West Bengal is one of India’s most backward states in terms of rural development. As we drove from Kolkata the capital towards Midnapore, the landscape grew greener but the signs of prosperity slowly faded into miles of rice fields, thatched huts and small roadside arteries. Many of Bengal’s villages do not have electricity and the evening brings total darkness dispelled by the dim glow of lanterns and lamps. While economic growth in India has benefited a growing middle class, it has also widened the existing schisms between urban and rural, backward and prosperous states and between skilled and non-skilled labor.
The roads are bumpy and the ride is bone-rattling as we speed through the district of Midnapore with its many villages. I was on my way to see a model village where microloans had made a remarkable difference in the lives of women. We got there at around midnight and were taken to our huts by a gaggle of giggling women in colorful cotton saris.
The next morning we were taken to the village community hall, where the women had assembled and were waiting for us. The small village was clean, the huts bright with painted exteriors and children playing in the sunlit courtyards. As elsewhere, it is the women who bore the brunt of looking after the home and the land, while the men were usually at the local tea shop, whiling away their time till the evening when toddy (local liquor) would do the rounds to dull the misery and sense of hopelessness.
It was amazing what microloans had done to the lives of these women in rural Bengal. It was not just about the money, though of course, it had increased their income, made their lives more comfortable and enabled them to send their young children to the local government school. It was also about dignity, self respect and a growing confidence in their own skills and abilities. It was about having been empowered in what was overwhelmingly a man’s world.
Beena and her small Self-Help-Group (or SHG’s as they are known) had gained in social stature commensurate to their earning power as they had availed of the loans given by the microfinancing organization based in Kolkata. Beena had bought land to grow rice and vegetables, increased her livestock and bought more hens as she wishes to have a poultry business. With growing income, she is paying off her loan regularly and is looking with increasing hope at a brighter future.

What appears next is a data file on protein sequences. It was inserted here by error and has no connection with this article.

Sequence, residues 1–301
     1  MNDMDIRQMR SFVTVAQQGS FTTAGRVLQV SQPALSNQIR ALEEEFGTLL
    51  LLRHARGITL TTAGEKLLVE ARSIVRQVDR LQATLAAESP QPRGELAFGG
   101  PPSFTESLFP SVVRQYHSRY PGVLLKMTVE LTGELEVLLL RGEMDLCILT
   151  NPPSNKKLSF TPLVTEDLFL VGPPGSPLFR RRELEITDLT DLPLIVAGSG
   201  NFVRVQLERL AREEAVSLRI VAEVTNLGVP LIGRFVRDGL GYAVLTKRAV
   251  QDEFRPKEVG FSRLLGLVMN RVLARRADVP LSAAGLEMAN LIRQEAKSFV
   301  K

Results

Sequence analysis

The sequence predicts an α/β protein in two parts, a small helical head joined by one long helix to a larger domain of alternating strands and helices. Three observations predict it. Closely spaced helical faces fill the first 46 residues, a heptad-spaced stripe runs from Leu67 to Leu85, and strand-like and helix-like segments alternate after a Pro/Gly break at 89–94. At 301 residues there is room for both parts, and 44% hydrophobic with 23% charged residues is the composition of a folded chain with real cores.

All the women narrated their stories of achievement and their pride in doing something on their own and succeeding in their efforts. It was a wonderful experience, listening to them and knowing with even greater certainty that microfinance was one of the answers to poverty and social disparities.
Club Asteria supports microfinance to disadvantaged groups worldwide. We seek your valuable cooperation in this effort of ours to usher in a fairer and more equitable world, where everyone can live with dignity and self-respect.Tags: financial stability, skilled labor, business loans, rice fields, remarkable difference, skills and abilities
The Vancouver Sun carried a fascinating and touching story about how microfinance is empowering women in Afghanistan, and at the same time brings up some problems that exist in getting the word out. There are not very many people available to actually run the programs and distribute the money, and the sparsely populated rural areas are often hard to reach. There are thousands of people who could benefit from microfinance programs, but they live in areas that are cut off from the rest of the world—and they often don’t even know that it exists. Or, if they do know about microfinance, they have no way to get to a big city to apply. Another issue faced by microfinance lenders in Afghanistan is the fact that paying interest is against conservative Islamic rules, so borrowing money is problematic. The religious aspect may be worked around by replacing interest with administrative fees, but that’s just the beginning of the issues faced in trying to administer microfinance in Afghanistan.